Although warm-mix asphalt (WMA) has been used in pavement construction in recent years, the long-term field performance of WMA pavements has not been studied extensively. In response, this study investigated 28 pavement projects in the United States, covering different climate zones, WMA technologies, service years, pavement structures, and traffic volume levels. The long-term field rutting performance between WMA pavements and hot-mix asphalt (HMA) pavements was compared. Field samples were extracted for laboratory experiments. Significant determinants (engineering or material properties) that correlate with rutting performance also were investigated. A simple rutting resistance index obtained from the Hamburg wheel-tracking test was found to be the significant determinant (material property) that correlates best with field rutting performance. The significant mix design parameters that affect the rutting resistance index were analyzed to suggest a better rutting-resistant mix design. In addition, no moisture damage or raveling was observed for the selected projects in the field. Therefore, the moisture susceptibility of the mixes was evaluated in regard to the stripping inflection point of field cores as obtained from the Hamburg wheel-tracking test results. It was found also that most of the mixes that did not include an antistripping agent exhibited a stripping inflection point, suggesting the need for the addition of an antistripping agent in pavement mixtures.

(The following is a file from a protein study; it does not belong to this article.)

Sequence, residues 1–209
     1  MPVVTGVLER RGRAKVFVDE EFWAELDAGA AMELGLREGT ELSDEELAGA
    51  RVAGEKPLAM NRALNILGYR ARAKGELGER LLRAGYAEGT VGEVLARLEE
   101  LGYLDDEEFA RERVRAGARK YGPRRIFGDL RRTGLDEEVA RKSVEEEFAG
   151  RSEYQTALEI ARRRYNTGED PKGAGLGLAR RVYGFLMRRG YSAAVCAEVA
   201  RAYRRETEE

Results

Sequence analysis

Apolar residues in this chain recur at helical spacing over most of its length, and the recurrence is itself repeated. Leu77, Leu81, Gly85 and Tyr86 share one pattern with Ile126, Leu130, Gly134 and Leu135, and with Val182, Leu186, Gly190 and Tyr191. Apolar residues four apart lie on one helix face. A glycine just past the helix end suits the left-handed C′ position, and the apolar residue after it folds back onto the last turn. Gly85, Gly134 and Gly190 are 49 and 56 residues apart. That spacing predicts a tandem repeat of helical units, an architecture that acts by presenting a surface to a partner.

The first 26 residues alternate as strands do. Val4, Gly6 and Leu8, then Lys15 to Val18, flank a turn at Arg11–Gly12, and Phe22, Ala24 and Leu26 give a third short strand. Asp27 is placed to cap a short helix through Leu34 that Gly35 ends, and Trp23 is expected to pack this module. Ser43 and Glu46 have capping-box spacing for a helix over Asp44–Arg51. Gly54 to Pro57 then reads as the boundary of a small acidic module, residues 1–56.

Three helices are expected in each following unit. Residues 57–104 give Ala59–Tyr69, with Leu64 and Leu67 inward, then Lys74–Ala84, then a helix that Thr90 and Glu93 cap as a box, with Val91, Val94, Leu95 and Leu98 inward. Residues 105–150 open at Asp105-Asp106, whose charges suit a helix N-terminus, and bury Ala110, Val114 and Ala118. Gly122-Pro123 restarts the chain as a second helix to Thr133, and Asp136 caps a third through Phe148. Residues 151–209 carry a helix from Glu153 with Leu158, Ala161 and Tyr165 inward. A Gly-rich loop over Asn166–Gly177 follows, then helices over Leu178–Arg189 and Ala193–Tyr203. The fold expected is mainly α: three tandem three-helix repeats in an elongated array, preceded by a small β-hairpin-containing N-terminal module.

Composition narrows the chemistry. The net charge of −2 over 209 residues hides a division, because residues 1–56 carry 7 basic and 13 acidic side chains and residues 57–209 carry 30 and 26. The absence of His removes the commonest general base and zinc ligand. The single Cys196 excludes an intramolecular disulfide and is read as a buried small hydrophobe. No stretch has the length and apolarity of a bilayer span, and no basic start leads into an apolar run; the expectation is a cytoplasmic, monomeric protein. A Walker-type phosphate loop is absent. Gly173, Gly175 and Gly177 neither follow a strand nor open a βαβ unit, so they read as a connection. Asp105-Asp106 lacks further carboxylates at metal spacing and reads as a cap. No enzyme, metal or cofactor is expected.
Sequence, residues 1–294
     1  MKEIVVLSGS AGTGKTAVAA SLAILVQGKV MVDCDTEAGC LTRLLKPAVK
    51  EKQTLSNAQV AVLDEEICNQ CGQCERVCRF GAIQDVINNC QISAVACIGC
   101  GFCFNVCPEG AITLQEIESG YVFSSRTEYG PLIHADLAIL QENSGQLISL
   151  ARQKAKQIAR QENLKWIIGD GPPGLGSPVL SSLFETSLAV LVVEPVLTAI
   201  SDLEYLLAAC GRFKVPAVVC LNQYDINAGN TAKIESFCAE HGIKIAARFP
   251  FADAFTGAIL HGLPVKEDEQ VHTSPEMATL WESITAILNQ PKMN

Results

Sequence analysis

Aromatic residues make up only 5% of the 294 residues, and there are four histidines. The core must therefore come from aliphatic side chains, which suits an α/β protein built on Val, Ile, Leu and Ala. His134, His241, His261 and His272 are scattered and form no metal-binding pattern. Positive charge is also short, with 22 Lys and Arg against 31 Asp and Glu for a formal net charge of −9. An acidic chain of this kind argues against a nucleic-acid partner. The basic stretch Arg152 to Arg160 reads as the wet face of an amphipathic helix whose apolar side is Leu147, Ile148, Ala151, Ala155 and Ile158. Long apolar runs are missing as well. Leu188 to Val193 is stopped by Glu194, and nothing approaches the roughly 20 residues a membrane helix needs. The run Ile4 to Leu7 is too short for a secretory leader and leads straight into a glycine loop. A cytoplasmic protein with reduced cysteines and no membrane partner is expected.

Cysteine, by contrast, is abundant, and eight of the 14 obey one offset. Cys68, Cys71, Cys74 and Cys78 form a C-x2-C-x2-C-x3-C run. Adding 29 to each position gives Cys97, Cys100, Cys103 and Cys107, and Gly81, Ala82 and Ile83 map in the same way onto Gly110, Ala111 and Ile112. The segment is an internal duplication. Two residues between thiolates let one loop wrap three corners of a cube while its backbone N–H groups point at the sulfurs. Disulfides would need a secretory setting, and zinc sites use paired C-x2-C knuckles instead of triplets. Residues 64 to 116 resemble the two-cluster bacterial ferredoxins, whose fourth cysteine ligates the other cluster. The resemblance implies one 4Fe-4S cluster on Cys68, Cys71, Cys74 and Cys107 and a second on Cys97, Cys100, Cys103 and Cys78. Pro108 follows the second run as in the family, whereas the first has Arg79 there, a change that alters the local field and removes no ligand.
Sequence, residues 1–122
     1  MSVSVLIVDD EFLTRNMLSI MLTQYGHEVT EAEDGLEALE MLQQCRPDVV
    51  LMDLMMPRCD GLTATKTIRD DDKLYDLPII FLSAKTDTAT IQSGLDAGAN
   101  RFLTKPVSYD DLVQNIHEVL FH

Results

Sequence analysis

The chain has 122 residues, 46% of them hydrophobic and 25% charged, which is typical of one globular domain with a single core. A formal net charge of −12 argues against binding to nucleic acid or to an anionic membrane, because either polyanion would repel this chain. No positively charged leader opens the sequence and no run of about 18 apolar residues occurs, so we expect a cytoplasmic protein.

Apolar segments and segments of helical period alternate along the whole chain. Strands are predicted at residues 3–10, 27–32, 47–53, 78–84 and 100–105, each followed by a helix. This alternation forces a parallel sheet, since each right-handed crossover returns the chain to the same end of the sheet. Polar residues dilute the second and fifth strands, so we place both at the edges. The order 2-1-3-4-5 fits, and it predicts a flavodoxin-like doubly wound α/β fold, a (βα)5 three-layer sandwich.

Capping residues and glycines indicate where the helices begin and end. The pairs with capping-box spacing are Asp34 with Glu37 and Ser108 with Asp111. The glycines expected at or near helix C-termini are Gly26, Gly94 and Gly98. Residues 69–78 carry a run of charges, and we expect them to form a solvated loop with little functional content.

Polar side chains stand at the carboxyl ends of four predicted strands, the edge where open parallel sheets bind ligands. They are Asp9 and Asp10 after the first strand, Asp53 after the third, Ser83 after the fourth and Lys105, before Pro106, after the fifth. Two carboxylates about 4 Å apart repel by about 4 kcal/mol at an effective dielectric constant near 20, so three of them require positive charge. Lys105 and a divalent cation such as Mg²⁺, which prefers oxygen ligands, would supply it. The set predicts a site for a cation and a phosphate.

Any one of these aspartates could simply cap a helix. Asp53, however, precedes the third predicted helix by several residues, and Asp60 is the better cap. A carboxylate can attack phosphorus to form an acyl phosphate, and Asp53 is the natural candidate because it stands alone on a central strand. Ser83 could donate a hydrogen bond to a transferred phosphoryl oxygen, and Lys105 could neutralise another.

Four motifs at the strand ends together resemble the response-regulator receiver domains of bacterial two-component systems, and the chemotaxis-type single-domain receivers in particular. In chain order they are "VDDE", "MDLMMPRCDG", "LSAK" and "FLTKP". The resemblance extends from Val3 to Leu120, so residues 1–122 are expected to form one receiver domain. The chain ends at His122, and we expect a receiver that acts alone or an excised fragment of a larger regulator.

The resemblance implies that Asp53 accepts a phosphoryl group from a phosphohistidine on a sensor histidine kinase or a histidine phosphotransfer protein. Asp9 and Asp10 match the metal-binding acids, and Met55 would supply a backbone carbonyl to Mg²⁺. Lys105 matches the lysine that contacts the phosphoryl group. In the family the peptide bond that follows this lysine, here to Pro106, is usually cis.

All Science Journal Classification (ASJC) codes
- Civil and Structural Engineering
- Mechanical Engineering